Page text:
It's a fully separate piece. A circular, skin-colored skullcap to which the wig is glued. Wincing, I remove it, revealing the doll's hollow head. The doll is still smiling. In fact, now that it's partly beheaded, its smile looks even wider.

Mum has dismembered one of her precious porcelain prisoners, when I'm not even allowed to breathe near them.

I cast an uneasy glance inside the head.

Is there something in there? Behind the doll's eyes?

I reach in, blindly, feeling like I'm performing an autopsy. By touch alone, it's a key. I pull it out, hold it high, like maybe it'll tell me something. It doesn't. A tiny brass key, dulled by time. It wouldn't fit any door I know.


"Mum," I say, so startled I nearly drop the key.

She claws for me, and unwillingly I take her hand.

"I . . ." Something, possibly the bile from her liver, is so high in my mother's throat that it cuts off her voice. "Raisa . . ."

"What's this key for?" I try to pull away, but she's the one holding on to me now. My hand against hers feels sticky. The key is being branded into my palm. "Have you been hiding things inside a doll's head?"

"I'm sorry," she says, like that explains it.

Maybe it does. I'm sorry too, sorry that I'm the one who ended up here with her. That she wasn't able to leave me behind, because if she had, maybe she could have left that man behind too.

Everything that has ever gone unsaid hangs in the air between us, as thick as the smell of decay that emanates from the pried-off piece of cranium on her nightstand, and its original owner.

Or perhaps from what is left of my mother.

"I will help you, Raisa . . . to find that man."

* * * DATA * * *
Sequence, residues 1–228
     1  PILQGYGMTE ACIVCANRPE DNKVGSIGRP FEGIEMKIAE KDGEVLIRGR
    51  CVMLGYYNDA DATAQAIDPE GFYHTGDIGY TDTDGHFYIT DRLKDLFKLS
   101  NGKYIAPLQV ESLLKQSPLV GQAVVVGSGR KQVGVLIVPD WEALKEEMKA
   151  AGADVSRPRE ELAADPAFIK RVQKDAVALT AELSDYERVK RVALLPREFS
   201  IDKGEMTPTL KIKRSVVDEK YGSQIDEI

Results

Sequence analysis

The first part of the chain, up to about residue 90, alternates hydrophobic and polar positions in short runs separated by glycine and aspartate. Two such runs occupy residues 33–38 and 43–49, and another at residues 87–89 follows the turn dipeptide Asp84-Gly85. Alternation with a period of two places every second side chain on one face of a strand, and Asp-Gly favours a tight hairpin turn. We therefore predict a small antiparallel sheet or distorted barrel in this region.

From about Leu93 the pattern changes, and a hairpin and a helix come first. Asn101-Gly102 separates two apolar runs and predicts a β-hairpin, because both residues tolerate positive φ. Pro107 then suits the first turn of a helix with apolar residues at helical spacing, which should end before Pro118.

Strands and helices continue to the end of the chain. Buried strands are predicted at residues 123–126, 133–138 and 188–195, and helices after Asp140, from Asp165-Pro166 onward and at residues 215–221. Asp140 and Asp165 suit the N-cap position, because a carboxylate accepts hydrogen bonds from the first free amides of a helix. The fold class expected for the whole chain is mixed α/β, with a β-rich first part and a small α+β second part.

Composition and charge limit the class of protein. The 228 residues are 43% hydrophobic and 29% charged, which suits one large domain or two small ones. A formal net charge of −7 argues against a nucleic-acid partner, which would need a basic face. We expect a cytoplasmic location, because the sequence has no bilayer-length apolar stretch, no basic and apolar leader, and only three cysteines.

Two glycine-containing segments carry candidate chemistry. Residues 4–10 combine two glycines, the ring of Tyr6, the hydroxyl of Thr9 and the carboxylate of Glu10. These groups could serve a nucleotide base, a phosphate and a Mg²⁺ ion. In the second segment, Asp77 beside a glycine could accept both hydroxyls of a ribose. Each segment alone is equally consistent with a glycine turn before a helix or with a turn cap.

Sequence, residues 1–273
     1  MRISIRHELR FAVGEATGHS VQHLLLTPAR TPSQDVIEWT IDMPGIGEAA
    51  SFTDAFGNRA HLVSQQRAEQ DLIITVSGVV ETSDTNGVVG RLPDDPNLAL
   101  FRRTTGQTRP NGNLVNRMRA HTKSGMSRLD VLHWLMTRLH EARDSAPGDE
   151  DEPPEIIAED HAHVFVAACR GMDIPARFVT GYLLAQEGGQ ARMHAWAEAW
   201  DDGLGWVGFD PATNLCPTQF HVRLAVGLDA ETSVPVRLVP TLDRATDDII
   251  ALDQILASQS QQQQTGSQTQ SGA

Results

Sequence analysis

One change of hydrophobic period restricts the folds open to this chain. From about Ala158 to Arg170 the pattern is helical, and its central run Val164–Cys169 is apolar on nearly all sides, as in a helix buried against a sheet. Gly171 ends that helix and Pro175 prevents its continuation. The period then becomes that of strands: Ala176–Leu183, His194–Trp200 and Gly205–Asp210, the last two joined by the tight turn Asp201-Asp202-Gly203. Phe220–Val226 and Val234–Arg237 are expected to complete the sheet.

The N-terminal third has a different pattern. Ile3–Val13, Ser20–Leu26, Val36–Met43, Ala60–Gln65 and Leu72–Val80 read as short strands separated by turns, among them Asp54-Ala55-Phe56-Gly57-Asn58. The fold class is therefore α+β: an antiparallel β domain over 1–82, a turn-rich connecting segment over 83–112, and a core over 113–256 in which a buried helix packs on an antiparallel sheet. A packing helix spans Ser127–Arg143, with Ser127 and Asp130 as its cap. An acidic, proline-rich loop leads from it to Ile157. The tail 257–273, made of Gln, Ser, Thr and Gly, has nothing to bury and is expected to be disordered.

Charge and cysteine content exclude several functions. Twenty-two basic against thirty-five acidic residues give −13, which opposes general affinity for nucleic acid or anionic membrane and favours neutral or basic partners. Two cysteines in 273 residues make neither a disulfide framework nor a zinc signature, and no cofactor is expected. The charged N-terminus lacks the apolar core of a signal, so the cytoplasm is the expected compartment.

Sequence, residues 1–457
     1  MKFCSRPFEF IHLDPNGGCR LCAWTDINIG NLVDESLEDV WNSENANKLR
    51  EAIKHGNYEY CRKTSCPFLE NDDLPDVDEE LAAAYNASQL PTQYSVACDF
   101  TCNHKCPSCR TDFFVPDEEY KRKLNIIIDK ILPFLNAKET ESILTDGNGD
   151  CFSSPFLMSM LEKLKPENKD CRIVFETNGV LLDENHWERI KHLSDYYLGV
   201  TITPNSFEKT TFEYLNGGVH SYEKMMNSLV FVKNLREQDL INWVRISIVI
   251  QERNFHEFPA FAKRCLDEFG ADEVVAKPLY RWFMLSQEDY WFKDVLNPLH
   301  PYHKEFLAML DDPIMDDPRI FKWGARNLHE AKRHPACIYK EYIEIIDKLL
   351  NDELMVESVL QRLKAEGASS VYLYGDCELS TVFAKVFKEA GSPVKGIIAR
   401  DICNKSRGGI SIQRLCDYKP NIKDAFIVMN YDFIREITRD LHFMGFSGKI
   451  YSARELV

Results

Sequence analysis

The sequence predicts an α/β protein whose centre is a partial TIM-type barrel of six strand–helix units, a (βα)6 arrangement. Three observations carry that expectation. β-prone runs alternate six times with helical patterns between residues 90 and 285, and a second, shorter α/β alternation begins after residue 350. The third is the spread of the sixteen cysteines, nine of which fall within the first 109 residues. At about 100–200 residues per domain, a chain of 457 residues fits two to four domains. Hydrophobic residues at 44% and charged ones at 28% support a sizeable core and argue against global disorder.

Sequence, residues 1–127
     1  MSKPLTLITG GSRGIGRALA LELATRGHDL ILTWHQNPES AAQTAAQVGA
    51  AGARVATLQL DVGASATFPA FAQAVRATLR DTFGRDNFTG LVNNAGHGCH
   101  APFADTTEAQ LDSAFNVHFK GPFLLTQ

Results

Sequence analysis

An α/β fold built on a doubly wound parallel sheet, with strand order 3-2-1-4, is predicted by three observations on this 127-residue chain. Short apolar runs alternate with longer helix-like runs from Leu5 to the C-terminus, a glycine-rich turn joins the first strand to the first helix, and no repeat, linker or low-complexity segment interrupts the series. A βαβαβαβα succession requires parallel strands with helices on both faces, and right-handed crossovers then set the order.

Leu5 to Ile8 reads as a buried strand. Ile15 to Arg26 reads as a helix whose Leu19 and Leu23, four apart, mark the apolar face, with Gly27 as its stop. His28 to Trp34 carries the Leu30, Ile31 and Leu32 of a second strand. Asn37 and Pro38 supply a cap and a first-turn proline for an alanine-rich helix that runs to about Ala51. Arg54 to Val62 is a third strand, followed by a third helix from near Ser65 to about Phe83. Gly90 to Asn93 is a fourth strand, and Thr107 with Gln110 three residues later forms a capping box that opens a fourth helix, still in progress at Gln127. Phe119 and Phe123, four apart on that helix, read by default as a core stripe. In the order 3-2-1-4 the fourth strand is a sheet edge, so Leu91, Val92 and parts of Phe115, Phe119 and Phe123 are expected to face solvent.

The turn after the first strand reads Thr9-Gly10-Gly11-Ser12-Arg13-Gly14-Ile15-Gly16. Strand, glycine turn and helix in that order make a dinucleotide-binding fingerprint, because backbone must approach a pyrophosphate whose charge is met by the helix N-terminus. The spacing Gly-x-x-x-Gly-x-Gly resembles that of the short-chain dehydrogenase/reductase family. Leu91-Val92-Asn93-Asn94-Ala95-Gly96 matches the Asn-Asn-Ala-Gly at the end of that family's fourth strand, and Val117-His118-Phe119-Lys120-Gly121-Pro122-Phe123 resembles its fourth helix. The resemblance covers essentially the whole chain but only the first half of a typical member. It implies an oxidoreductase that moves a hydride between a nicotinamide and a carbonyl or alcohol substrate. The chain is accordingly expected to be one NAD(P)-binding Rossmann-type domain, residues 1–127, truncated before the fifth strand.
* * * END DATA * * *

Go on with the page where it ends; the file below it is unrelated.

"Mum, you're not making any-"

"This key is for my drawer in the stenka," she says in a single breath. She's using up all her air to get this out. "Ludmila is still there, living in our . . . in Moscow. You go, you look, you make your choice. You promise me?"

I can taste bile myself. I have no idea what she's asking me to do. "I promise."

"Open the window. . . ." Her eyes close to a sliver. "Too many shadows."

Mum's always on the verge of sleep while she talks to me, no matter what time of day it is. She just can't keep her eyes open.

The doll stares at me, wide-awake as ever.

"Mum, wait, can you . . ." I say, a plea, but my mother has stopped murmuring to herself. She lets go of my hand.

As the train pulls out of King’s Cross, I rest my forehead

against the glass. Richard is already in York. It’ll be a decent drive out to where his grandmother lives, in a cottage that sits, or floats, in the nothingness of the northern moors. It is where Richard and I will marry in autumn. Mum has never been there, but she’d love how it looks rugged and angry one day, winsome and windswept the next. Like a landscape from her stories.


I've always hated her stories.

They're the single thing about her to become more vivid and not less, after a tipple. Strange little vignettes, fairy tales in miniature, often with a nightmarish tint. They all start with some version of her favorite line: far away and long ago. That line is not a coincidence. Most of my mother is far away and long ago.

As Charlotte shows us where the musicians will be set up and, with a slight huff, instructs us not to venture anywhere near her rose garden, a chilly gust of air whisks past. I shudder, and Richard’s grandmother glances at me, her smile just as chilly.



"Does it not suit?" she asks.

"No, it's-it's beautiful."

Richard shrugs off his coat and puts it around my shoulders. We approach the house from the back. Charlotte's dog, some pesky, ankle-high breed, is yapping by the door, jumping up and down on all fours like a mechanical toy. The dog is usually to be found on his living room cushions, sniffing at a tray of treats. He is not the sort of dog that sneaks out on purpose. He isn't what most people would even call a dog.